Planting seeds has its rewards. You control the cost, size, and selection of each plant. You can use this information when planting seeds in flats or directly seeding containers or windowboxes.
Tips to use before even getting your hands dirty
- Now is the time to start slow-growers like Petunnias, pansies, begonias, lobelia and seed geraniums.
- Tomatoes and most herbs can wait until mid-March for late May planting.
- Medium-growers like Ziennas, Marigolds and Sweet Alyssums seeds can wait until late March.
- Check maturity dates on the package backs and match them to your frost -free planting dates for your zone. Work backwards and start seeds 6 to 8 weeks before you plan to plant outdoors
- Cole crops should be started also; cabbage, broccoli, some peppers and eggplant.
- Remember to start with the most resistant varieties for problems in your climate. Most seed catalogs list a resistance code. Check with your County Extension Office for the latest variety suggestions and prominent diseases. This is a free service from your state Agricultural College.
What equipment you will need
Starting seeds indoors can be done small scale or using an elaborate set up and anywhere in between. Here’s the basics:
You can use starter trays with lids for best results if you plan to transplant seedlings into pots before planting outdoors. the lids hold in the humidity to give your seeds optimum sprouting conditions. If you prefer using recycled containers like yogurt containers or milk cartons be sure to wash it in hot soap water and air dry to remove food bacteria. Dipping plastic containers in a solution of 1 part bleach to 9 parts water and allow to air dry is also recommended.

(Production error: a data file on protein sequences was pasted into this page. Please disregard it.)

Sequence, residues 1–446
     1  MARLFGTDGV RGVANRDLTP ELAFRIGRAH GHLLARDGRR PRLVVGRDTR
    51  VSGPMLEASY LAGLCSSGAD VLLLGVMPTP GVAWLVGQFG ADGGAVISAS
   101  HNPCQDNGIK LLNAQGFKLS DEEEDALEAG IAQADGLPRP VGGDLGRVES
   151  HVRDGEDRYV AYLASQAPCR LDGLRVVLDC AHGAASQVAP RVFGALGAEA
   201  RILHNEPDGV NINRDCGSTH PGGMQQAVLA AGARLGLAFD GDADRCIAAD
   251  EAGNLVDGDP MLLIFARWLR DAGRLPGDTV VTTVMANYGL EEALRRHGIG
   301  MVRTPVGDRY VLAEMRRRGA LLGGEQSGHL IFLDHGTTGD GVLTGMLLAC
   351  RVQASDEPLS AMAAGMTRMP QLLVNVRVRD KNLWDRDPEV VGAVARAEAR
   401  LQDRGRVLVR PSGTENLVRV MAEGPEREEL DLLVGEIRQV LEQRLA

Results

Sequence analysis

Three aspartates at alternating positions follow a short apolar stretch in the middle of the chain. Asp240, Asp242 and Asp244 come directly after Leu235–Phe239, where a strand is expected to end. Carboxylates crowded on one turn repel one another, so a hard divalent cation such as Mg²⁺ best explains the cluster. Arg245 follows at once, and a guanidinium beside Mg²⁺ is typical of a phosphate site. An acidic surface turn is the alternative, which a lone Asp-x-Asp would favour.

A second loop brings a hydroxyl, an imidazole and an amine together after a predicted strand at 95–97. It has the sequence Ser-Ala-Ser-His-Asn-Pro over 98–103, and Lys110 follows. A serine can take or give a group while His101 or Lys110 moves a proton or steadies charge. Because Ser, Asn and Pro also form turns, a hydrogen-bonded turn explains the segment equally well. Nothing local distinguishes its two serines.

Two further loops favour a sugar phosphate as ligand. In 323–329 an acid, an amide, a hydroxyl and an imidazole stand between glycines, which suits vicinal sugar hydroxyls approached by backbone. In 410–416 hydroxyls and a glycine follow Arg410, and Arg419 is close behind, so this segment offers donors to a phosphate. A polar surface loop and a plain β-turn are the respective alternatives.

Potting Soil or Seed Starter
Commercial seed starter contains extra nutrients to help seedling roots grow and establish. Standard potting soil will work but it may take longer for seeds to sprout and you will need to add fertilizer. Garden soil or soil from your yard is a bad idea for starting plants because it may contain harmful bacteria and weed seeds and will compact too easily.
Most seeds don’t need light to sprout; some do. All your seedlings will need a consistent light source. Your best bet is artificial light. Most seedlings need about 12 hours or more of light per day to thrive. A [amazon_link id=”B0001XLSGQ” target=”_blank” ]Hydrofarm JSV4 4-Foot Jump Start T5 Grow Light System[/amazon_link] grow light set up works best but any fluorescent light or shoplight will work. Keep plants at about 4-inches from the light source to avoid leggy growth.
Heating mats are a nice addition to your seed starting kit. A [amazon_link id=”B0001WV010″ target=”_blank” ]Hydrofarm MT10006 9-by-19-1/2-Inch Seedling Heat Mat[/amazon_link]heating mat under your starter tray warms your soil to the optimal temperature for sprouting.
Next Monday Part two: Getting your hands dirty and seeds planted.
Questions about seed starting or gardening in general? Send them to me at firstname.lastname@example.org